Lives on the Edge

(Critical Survey of Contemporary Fiction)

LIVES ON THE EDGE takes a hard look at public policies concerning single mothers and their children, and the shameful results of those policies. Its three parts cover the history of single motherhood, the experience of single mothers today, and the experiences of their children in public school classrooms.

Valerie Polakow sees the poverty and “otherness” of single mothers and their children as a manufactured condition. By tracing the historical, Eurocentric view of motherhood and childhood, she reveals a legacy of “abandonment, brutality, abuse, and terror.” The gentle images of childhood cherished by the middle class are myths that were true, if ever, for only a small number of children, and only in the recent past. There is no moral excuse for this indifference to brutality to continue.

The second section looks at “the other motherhood” and uncovers the roots of this image in a gender-biased society. Single mothers in need of financial assistance are forced to substitute subservience to a man with subservience to the state. Their morals are questioned and scrutinized. Single mothers tell their own stories of dependency and hope for a better future, an independent future.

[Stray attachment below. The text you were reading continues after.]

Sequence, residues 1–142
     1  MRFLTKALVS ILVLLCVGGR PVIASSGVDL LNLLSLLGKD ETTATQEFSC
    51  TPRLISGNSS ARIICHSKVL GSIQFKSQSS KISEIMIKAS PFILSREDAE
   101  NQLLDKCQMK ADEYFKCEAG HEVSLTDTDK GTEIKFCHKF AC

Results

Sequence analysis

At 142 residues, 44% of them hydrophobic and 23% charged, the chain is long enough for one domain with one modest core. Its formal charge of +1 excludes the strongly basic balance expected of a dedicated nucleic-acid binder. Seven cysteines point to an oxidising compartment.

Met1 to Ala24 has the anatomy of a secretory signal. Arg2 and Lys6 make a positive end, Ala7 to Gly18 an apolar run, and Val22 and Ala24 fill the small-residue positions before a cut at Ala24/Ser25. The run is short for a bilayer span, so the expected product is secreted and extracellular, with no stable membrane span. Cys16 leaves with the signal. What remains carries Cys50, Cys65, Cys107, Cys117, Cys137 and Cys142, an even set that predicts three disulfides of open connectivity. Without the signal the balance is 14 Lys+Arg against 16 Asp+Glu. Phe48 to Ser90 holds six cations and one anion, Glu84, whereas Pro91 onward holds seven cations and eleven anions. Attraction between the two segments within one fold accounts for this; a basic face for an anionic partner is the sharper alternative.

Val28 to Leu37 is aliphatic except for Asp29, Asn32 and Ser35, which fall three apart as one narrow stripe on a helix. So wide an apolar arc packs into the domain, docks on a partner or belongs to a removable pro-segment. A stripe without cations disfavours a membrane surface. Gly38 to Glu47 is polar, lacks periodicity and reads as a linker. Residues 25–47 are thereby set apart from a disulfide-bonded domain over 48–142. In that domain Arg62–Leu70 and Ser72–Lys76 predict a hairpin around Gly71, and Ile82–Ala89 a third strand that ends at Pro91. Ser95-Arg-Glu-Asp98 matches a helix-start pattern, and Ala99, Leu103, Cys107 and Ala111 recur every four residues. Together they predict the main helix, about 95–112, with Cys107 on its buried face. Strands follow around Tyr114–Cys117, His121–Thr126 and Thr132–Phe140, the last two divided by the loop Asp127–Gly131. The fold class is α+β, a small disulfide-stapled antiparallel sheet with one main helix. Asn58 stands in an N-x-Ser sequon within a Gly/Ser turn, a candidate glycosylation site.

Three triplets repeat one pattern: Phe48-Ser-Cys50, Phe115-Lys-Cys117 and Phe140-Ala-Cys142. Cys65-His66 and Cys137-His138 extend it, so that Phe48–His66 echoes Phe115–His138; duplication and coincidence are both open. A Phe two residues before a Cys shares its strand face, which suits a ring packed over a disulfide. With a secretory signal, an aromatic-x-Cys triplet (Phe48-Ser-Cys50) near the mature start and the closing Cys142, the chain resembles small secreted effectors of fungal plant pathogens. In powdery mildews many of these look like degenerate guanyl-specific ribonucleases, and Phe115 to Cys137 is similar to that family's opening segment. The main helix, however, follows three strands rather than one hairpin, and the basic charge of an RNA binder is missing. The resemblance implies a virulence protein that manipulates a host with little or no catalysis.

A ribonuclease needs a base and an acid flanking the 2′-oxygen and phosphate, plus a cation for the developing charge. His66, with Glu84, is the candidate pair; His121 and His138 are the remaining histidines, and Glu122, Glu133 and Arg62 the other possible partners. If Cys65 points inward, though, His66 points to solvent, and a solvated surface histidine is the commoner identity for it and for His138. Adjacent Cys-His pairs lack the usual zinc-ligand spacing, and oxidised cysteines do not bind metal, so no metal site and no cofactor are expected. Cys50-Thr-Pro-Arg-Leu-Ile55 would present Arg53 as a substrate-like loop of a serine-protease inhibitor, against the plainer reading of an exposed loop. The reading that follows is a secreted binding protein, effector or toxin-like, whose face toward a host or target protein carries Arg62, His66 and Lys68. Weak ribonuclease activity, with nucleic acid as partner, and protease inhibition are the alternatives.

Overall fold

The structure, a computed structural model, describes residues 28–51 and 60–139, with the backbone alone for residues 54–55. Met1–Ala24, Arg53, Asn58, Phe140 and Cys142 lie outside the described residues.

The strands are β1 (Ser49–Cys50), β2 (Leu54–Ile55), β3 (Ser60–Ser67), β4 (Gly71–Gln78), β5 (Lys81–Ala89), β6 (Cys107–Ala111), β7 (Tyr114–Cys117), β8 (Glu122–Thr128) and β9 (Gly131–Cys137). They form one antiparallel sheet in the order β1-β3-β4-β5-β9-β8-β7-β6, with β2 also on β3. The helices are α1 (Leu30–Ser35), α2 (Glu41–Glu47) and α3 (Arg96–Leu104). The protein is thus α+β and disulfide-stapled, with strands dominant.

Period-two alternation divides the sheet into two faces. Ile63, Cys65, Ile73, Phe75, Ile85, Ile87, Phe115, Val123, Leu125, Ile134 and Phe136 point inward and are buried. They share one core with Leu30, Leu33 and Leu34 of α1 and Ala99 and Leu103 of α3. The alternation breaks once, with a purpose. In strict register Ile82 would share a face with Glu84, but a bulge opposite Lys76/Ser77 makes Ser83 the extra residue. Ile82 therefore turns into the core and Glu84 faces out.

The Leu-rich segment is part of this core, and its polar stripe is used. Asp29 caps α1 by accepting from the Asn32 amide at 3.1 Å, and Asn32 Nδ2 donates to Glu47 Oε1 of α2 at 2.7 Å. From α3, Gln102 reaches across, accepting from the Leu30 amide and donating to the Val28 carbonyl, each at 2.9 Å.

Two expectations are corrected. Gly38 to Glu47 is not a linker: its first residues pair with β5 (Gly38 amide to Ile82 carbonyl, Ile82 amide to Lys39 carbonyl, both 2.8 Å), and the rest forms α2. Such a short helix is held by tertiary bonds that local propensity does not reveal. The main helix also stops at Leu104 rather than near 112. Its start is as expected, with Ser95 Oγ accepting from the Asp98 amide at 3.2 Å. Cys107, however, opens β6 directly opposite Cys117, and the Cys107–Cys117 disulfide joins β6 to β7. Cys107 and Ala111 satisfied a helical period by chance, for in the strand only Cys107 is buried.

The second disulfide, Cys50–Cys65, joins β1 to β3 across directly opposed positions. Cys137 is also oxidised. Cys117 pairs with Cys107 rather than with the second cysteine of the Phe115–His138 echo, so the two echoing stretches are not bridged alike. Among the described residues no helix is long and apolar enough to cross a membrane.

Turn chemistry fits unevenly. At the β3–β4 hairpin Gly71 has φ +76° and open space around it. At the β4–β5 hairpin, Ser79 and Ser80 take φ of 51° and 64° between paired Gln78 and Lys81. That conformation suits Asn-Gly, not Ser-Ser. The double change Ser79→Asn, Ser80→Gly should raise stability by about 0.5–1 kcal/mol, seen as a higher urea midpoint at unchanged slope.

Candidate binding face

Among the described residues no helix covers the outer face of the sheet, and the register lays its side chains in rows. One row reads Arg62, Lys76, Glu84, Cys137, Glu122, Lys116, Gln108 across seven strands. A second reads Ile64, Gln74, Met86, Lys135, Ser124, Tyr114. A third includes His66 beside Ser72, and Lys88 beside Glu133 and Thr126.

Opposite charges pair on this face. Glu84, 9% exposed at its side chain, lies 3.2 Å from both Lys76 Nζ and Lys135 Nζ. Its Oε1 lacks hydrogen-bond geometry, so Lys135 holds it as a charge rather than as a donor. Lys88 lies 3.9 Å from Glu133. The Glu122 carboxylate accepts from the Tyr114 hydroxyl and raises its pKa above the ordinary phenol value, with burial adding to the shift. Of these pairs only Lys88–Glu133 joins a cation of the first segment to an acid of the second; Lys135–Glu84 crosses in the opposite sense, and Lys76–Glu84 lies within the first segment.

The stunning third section reports the experience of “at risk” children in public schools and preschool programs. A hungry child is ostracized and punished for stealing the free lunch that will feed her and her sister over the weekend. Poor children are marginalized and stigmatized for the “sin” of their mothers—trying to survive without adequate financial resources. Their hopes of escaping poverty are tied more to a view of their “otherness” than to their dependence on perpetually resentful benefactors.